She's the mysterious woman behind the mystery child who's dominating the literary world, reports CBS News Correspondent Mark Phillips for "Sunday Morning."
"He has black hair, sticking up, he has glasses, he has a lightning bolt."
The lightning bolt is key. And if you're a kid these days, having one matters, because Harry Potter has one, a sign of his wizardry.
The three Harry Potter books published before this weekend were sitting pretty for a time at No. 1, 2 and 3 on top of The New York Times bestseller list - something that's never happened before.
It has resulted in a magical turnaround in the life of author J.K. Rowling, known to her friends as "Jo," who just a few years ago was penniless in the Scottish capital of Edinburgh, a recently divorced mother with a baby daughter.
"And I suddenly thought, 'wizard school'!" says Rowling. "And I got so excited about the idea; I really did. I didn't have a working pen on me, so I just had to sit there for four hours and think, and loads of characters that appear in the book came to me during that train journey."
The characters were written into the first Harry Potter book, which sold by word of mouth. By the time the second and third books came out, kids were lining up for them. There was an avalanche of demand for the fourth book, Harry Potter and the Goblet of Fire, now being released this weekend. Now they write to the author with suggestions about what the magic characters should do.
"I was totally realistic about what children's books involved," says Rowling, "And that involves really no money at all. I mean, a lot of really great children's writers I know also do other work. They have to."
What may be most amazing about these books is the magical power they have over kids. They're old-fashioned page turners: There's nothing high tech about wizardry, and Harry Potter has no relation to reality - virtual or otherwise.
The charming story, which began on a train, of the wizard boy and his magical world seems to have enchanted that much sought-after audience: children of all ages.
"In my imagination, Hogwart's is set in the north of Scotland," says Rowling of the wizard school. It's almost as if she took her inspiration from her surroundings, the brooding castle that sits above Edinburgh, but she didn't. It is handy, though, for illustrating the magical world of Harry Potter, a world nonmagical Muggles like the rest of us are too narrow-minded to see.
The castle's great hall, for example, could be the hall at Harry's school, almost. The obvious difference, Rowling points out, is that "the ceiling in the great hall at Hogwart's is enchanted, so it looks like the sky outside, whatever the weather's like and whatever time of day it is. Possibly fewer weapons."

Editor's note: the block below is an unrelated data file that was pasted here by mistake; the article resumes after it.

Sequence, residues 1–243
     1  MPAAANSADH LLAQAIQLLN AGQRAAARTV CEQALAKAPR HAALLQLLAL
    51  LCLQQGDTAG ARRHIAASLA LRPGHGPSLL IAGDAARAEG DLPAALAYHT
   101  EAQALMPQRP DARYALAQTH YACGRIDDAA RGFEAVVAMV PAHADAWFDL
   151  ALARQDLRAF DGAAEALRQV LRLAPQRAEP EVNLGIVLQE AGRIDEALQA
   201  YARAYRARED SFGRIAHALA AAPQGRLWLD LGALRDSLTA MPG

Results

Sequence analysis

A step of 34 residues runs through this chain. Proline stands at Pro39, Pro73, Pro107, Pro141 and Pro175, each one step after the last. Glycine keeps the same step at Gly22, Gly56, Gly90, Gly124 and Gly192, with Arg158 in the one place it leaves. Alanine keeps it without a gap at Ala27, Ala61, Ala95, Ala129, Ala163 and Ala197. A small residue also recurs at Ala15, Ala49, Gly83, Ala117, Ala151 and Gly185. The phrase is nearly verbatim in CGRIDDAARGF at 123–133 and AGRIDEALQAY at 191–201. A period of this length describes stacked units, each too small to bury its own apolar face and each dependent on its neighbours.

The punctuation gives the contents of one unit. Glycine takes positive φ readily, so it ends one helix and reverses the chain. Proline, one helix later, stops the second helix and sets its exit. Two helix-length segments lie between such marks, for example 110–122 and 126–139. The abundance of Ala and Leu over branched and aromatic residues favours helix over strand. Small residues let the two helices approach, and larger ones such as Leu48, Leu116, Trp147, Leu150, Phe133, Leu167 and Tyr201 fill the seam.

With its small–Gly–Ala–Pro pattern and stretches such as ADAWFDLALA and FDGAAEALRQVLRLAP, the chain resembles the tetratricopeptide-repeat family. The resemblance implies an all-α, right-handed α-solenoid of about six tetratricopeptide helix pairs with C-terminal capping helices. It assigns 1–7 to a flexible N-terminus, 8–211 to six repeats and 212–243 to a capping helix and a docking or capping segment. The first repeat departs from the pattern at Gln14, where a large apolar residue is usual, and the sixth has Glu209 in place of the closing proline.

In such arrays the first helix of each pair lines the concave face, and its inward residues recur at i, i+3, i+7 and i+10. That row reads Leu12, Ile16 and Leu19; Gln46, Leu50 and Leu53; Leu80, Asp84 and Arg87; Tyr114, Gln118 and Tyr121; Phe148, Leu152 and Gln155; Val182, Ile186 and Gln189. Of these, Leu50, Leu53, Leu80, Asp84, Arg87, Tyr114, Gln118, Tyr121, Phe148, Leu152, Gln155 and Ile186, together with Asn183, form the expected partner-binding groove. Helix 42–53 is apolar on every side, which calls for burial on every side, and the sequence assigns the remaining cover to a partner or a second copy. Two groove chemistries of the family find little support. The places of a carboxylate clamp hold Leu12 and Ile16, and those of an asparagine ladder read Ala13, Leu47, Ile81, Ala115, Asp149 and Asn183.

And her literary weapon is an understanding of the childhood psyche.
"I was very aware when I was writin that this is a very common fantasy for children," she explains. "'These boring people cannot be my parents. They just can't be. I'm so much more special than that.' And I think nearly everyone I know went through that at some point, and then the idea that not only are you leaving this boring existence, but you really are special. You're not only magical, but you're famous as well."
Rowling herself doesn't have any good explanation for the wild success of Harry Potter, except that her fascination for Harry's world is reflected in the detail, the departments in the Ministry of Magic, the foods like Bertie Bott's Every Flavor Beans.
She says, "I just thought it would be amusing...if it really was every flavor, and it included toenail clippings and bogies."
"And earwax," Mark Phillips chimes in.
"Well, the funny thing is that everyone gets that, because everyone must know what earwax tastes like," Rowling observes. "We all know, but it's not something you're going to talk about a lot; is it really? And it does taste revolting, I hear."
But Harry Potter is progressing beyond eating earwax. He's getting older, along with his readers and going through the same things they're going through.
"Part of the reason it's so much fun to write is they're all discovering their hormones, which is always fun to write about. And they're mainly in love with the wrong people, just to make it like life," says the author.
And as the characters age, the plot line becomes more mature as well. Harry Potter becomes Murder, She Wrote in the next installment, and everyone's afraid a favorite supporting character - perhaps Ron or Hermione - will be killed off.
Rowling confirms that the stories will become darker, adding, "People are going to die. And when I tell children that, they always say, 'Don't kill Ron!' I say, 'No one's bothered about Hermione.'"
"No one gives a damn about Hermione. Everyone thinks she'll be fine," she says.
So does Ron live or die?
"I can't tell you that. Outrageous question," comes the reply.
In a way, Jo Rowling's journey has been no less magical than Harry Potter's. She says there will be seven books in the series and that she's already written the final chapter.
But to find out how it all ends, we'll have to take Harry's magical journey to the end of the line.